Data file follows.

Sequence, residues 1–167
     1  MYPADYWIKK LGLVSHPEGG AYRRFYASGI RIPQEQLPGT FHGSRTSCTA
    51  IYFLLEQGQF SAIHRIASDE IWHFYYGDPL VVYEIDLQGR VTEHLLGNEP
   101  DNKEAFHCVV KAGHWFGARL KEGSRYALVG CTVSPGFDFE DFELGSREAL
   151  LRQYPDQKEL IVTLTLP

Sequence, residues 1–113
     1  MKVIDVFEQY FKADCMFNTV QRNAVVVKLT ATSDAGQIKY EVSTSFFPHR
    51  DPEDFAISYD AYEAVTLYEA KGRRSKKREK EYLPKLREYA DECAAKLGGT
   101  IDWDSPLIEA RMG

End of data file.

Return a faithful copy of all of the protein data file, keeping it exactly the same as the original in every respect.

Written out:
Sequence, residues 1–167
     1  MYPADYWIKK LGLVSHPEGG AYRRFYASGI RIPQEQLPGT FHGSRTSCTA
    51  IYFLLEQGQF SAIHRIASDE IWHFYYGDPL VVYEIDLQGR VTEHLLGNEP
   101  DNKEAFHCVV KAGHWFGARL KEGSRYALVG CTVSPGFDFE DFELGSREAL
   151  LRQYPDQKEL IVTLTLP

Sequence, residues 1–113
     1  MKVIDVFEQY FKADCMFNTV QRNAVVVKLT ATSDAGQIKY EVSTSFFPHR
    51  DPEDFAISYD AYEAVTLYEA KGRRSKKREK EYLPKLREYA DECAAKLGGT
   101  IDWDSPLIEA RMG